Quality, legitimate movers do not want to spring extra charges on a client on move day - that is the bane of our industry - so it is really important for the estimators to know about things like long walks, flights of stairs, pieces that are extra fragile or previously damaged/compromised, or anything else that might add time to the move or require special equipment. If a crew shows up to a move that is different than the estimator was shown, or the client has added items or destinations without informing the estimator and receiving an updated bid, the movers will fill out a form called a "Change Order for Services" with the client and agree to the extra charges for additional services.

It does not behoove anyone to mislead the estimator to receive a lower quote, or for an estimator to mislead the client with a low quote and then hit them with extra charges on move day. One of the most common causes of increased move costs is when a client adds items to be moved after an estimate and Not-To-Exceed price has been given. Of the thousands of moves I have personally done, on almost every single one we have taken one or two more items than originally estimated. Usually that is at no extra cost, but once a client starts adding multiple pieces of furniture or over 10 boxes, the parameters of the move change and the mover cannot be held to the Not-To-Exceed price. It's also really important to let the estimator know if there will be a long walk from the truck, an elevator, flights of stairs, or anything else that will make the move take more time and resources.

After people receive an estimate, what questions should they ask the moving company to make sure that everything is included?

If there is anything in the bid that a client does not understand, they should ask for clarification right away. The moving industry is regulated and uses tariffs for pricing (which are available for the public to view), and some antiquated and specific language in our contracts that some people might not be familiar with. For example, the person who owns the goods is called the "shipper," and the mover is referred to as the "carrier." The moving contract is called a "bill of lading" and the coverage for protection of goods that movers offer is never called "insurance," but rather "valuation." This valuation coverage can be one of the most confusing aspects of hiring a mover, and despite the booklet all movers give out explaining the moving laws and responsibilities, many people have questions about potential damages and how they are handled. Another really important thing to know is who will be doing the actual moving. Some companies have subcontractors, some have dedicated full-time employees, some use temporary labor, some are owner/operators like us. It is important to know that your moving company is licensed, insured, and bonded.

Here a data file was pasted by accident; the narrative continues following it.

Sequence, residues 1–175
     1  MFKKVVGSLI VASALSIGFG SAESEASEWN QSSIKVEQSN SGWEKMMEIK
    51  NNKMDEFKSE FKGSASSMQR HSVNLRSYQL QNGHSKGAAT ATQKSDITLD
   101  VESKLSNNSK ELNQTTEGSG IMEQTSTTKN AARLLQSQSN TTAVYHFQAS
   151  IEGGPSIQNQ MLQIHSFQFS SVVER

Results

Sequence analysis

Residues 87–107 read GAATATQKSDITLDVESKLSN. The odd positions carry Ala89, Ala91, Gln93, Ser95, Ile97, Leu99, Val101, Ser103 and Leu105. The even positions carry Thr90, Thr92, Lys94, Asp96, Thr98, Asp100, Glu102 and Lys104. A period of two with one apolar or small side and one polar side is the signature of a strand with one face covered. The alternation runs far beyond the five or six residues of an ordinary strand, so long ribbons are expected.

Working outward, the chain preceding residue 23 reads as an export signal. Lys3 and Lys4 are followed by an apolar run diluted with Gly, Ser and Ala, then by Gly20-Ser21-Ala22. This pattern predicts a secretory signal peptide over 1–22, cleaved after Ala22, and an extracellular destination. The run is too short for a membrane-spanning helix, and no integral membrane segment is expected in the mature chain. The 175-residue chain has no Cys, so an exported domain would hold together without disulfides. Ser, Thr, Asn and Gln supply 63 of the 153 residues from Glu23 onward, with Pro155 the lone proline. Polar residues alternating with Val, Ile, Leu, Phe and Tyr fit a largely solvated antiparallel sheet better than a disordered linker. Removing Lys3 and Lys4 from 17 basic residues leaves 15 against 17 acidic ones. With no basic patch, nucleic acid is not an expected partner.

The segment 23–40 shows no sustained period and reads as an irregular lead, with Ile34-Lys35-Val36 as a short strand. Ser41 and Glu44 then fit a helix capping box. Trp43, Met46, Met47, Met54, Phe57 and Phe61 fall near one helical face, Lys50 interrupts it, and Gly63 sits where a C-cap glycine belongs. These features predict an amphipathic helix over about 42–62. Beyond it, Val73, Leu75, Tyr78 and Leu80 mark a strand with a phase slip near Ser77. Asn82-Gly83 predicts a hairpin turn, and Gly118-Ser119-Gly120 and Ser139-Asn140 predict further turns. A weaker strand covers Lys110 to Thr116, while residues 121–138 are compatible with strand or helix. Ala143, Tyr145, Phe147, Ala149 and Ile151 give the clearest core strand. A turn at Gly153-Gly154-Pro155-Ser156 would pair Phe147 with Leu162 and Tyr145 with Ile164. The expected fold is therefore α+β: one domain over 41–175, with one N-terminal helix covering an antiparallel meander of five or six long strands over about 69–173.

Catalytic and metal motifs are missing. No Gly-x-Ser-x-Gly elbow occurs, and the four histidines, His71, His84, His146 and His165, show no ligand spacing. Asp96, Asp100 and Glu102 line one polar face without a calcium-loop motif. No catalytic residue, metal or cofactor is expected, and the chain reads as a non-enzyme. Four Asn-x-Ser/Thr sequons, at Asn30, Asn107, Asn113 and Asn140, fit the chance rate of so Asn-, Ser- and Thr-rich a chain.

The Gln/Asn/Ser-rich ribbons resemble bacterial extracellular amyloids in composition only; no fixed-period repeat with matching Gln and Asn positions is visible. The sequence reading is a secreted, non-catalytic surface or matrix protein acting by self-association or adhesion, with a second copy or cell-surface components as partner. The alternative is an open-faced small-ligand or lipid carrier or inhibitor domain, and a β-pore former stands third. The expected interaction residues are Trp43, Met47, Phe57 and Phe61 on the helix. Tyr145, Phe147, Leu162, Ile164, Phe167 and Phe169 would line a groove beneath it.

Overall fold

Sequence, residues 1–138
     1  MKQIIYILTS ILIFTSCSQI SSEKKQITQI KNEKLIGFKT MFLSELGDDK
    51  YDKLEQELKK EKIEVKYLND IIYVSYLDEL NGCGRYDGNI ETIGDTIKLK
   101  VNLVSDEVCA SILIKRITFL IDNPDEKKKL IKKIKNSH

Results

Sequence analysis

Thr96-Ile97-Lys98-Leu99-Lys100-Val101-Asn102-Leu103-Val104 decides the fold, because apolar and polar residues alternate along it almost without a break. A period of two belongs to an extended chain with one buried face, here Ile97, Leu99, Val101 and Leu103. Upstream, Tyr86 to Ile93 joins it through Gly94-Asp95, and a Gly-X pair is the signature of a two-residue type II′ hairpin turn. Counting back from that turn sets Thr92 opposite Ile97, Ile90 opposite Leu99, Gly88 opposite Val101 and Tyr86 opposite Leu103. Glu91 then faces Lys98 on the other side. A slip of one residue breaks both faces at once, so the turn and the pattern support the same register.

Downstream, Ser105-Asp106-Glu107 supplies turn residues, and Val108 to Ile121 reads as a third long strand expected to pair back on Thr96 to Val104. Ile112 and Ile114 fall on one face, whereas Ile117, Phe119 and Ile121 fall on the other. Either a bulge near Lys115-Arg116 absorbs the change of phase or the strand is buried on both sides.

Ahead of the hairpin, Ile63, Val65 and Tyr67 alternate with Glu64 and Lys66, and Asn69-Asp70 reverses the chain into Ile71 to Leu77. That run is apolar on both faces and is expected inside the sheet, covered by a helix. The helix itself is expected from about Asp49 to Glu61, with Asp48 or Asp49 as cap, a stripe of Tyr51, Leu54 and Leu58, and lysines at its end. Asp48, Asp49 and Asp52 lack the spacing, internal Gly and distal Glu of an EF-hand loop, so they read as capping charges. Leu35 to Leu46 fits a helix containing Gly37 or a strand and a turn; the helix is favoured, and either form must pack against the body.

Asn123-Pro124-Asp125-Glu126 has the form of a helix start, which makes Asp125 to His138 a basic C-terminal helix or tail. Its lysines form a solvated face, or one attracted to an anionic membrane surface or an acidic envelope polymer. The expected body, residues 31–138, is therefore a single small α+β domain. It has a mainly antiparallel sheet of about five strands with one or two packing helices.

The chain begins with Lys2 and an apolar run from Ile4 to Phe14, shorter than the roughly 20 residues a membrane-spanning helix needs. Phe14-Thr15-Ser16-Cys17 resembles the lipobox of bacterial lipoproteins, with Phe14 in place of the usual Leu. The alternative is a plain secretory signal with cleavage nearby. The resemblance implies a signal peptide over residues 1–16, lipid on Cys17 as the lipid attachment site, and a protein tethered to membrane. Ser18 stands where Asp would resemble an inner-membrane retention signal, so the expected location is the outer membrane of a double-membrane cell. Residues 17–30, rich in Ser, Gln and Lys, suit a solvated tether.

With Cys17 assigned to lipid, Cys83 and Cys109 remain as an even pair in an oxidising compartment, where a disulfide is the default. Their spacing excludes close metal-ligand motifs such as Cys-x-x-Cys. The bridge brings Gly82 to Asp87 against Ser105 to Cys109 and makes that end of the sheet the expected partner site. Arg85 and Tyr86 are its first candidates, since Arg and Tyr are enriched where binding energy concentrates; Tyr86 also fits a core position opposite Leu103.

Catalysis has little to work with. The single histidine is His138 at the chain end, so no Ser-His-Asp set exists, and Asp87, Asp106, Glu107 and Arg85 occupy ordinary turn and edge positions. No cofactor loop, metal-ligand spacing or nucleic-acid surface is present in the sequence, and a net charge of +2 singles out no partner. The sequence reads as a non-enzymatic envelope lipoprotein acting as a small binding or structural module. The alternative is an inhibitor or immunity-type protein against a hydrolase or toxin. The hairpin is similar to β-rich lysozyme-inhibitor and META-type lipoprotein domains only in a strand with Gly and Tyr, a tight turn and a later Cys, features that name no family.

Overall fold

What advice do you have for a homeowner who doesn't have a set move date or needs to change their moving date?

This is a tough one. I know that there are so many factors to plan when making a move and that the timing of everything is critical. I tell my clients to give us as much notice as possible and to keep us in the loop. Sometimes it is not possible to accommodate a last-minute reschedule, but we try to be as flexible and helpful as possible. My strongest word of advice is not to book your move for the date of closing on the house. I have yet to understand why, but almost no one closes on the day first set by the title company. If at all possible, plan for a few days delay and schedule movers and other services accordingly.

What's the best way for people to contact you and your company?

They should call our office at 916-730-8305, or fill-in a request for estimate or "contact us" form. Or they can email me at They can message us on Yelp, Facebook and even Twitter.

We absolutely do not buy or sell leads, never share client info with anyone and never send junk mail or junk emails. You can send us your phone number or email address comfortably knowing we will not fill your inbox up with spam or cause marketers to call you. If you do call our office and we are unable to answer, please leave us a detailed message and we will get right back to you. Summertime is crazy for moving companies and sometimes we experience an extraordinary volume of calls. We almost always return every call and email within 24 hours.